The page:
I was recently chatting with an innovation program leader at a Fortune 100 financial services company who was asking about the unique aspects that I see across various innovation programs. At first I started on a rambling response, but then, after a sip of beer and a moment of reflection came up with the following list, which is by no means complete or exhaustive. Consider it a perspective, given after a couple of beers:
Small size, seeking big impact: When I ran an innovation program I had a staff of 3 people, working across a global organization of 50,000 people. I was really proud of the results that we achieved with that small group, which I thought was totally unique. Turns out I was wrong. Innovation programs are almost universally tiny, and all are seeking to have huge cultural impacts across complex, geographically disbursed organizations. This is driving a general shift within the industry to source more turnkey solutions from external vendors that are impactful, strategically aligned with the Program’s goals and rolled out with minimal support at their end.
Smart, overstretched and constantly shifting: In line with the above point, the members of every program I deal with are incredibly smart individuals, who are stretched really, really thin. I have worked in the corporate world for 20-plus years and this is absolutely the most stretched group of individuals I have worked with.
Working in an innovation program is often given as a reward to high potential employees, generally working on rotation. The result is that there is a high turnover of staff in this field, and this often inhibits true competency development within the organization, as successful innovation development is complicated and difficult to achieve in a 6-month period of time.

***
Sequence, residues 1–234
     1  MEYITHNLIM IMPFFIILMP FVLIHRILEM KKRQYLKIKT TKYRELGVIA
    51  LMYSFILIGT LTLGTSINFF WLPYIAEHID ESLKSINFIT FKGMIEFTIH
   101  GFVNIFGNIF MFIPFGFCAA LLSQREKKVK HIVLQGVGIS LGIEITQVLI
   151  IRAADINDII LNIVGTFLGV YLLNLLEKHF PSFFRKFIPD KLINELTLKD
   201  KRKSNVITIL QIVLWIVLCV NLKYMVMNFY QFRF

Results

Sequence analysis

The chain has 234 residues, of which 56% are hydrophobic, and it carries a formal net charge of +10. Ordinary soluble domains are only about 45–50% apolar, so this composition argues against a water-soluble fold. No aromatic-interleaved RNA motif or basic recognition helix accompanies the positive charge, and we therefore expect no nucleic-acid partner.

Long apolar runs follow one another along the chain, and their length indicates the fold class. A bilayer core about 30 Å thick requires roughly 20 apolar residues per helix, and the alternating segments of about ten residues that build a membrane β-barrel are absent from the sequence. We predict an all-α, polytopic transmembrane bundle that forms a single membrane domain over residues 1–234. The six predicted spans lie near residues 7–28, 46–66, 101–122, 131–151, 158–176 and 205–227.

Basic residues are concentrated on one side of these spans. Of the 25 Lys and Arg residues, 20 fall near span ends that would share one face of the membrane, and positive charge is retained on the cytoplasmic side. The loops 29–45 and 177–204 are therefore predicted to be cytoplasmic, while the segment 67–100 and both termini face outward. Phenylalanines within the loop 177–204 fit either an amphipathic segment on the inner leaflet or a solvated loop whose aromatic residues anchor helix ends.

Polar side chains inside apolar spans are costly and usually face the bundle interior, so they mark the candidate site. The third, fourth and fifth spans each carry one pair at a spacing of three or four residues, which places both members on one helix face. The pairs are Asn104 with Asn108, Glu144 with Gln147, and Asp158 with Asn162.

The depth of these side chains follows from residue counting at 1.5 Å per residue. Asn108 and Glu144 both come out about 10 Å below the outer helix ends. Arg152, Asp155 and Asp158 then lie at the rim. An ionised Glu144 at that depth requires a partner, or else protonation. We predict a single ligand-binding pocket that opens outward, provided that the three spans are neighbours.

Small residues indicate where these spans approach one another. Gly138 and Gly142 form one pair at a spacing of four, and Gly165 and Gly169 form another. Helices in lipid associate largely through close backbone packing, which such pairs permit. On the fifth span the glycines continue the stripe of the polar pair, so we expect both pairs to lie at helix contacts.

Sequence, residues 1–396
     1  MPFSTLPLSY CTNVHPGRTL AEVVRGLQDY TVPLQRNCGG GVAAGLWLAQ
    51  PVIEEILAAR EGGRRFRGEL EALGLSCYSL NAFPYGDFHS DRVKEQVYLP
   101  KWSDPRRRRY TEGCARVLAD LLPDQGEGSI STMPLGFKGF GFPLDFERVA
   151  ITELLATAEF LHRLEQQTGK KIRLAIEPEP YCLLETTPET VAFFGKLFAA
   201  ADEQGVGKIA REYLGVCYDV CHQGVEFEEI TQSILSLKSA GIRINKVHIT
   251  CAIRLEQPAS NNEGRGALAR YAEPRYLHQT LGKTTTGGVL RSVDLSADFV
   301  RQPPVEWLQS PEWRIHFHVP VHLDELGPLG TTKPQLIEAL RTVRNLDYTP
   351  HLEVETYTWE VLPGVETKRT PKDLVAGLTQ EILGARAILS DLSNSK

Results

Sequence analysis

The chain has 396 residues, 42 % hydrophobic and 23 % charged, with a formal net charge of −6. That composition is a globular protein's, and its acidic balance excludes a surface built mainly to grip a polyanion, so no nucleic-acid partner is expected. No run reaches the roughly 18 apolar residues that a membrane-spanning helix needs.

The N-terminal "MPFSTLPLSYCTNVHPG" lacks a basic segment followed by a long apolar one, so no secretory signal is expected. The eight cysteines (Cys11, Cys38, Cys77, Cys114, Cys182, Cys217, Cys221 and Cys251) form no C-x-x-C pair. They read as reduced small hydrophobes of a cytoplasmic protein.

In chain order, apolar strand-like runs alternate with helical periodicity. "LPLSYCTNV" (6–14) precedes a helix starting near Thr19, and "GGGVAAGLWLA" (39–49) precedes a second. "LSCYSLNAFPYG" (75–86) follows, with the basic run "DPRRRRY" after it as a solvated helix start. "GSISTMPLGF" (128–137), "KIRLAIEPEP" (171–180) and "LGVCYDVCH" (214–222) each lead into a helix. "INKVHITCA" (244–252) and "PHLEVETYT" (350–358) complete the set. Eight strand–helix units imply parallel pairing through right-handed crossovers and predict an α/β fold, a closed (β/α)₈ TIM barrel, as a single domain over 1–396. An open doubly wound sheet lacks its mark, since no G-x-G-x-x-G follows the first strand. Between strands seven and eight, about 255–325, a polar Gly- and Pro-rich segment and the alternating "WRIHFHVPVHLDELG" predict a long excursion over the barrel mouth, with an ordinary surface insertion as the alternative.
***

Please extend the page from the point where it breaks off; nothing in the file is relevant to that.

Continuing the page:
Struggling for ROI: It doesn’t matter that many of these innovation programs are small groups in otherwise huge organizations, the pressure is always on for leaders to justify investment and expansion of their programs. When these programs first start they are in a position where they can focus on employee or customer engagement as a way to justify their investment, but within 12-18 months this needs to turn to more serious ROI metrics. Leadership looks for one thing when they are talking innovation: Dollars on the bottom line. They might talk about the importance of engagement, perceptions, partnership, etc., but in my experience, to be taken seriously these programs need to focus on generating ROI from day 1, not 18 months into their program’s life.
Struggling to execute: Aligned with the above comment. I think at this point, most companies that I talk with have the front-end of innovation pretty much sorted. They can go out to their audiences and ask questions that provide relatively well-considered and structured ideas. That is all well and good, but an idea alone provides no real value. It needs to be executed to add value. Almost all of the program leaders that I chat with struggle to increase the quality of ideas that they are sourcing from front-end activities, and ultimately increase the rate of execution of ideas. This is however changing with new approaches around educating employees around innovation skill sets and then building networks of connected and engaged employees. Full disclosure here, this is what Culturevate, my new venture does for organizations.
True leadership sponsorship: I am putting this into this list, not because every program has it, but every successful program that I work with has it. It is easy for a leader to approve and sign an email announcing the launch of an innovation program, but I have never seen a program that is really showing success that operates without the active and consistent supporter of a senior leader within the organization.
So, take these points as you will, and let me know what else you are seeing that is consistent across Innovation Programs?
Thanks again for reading, and as always, let me know your thoughts.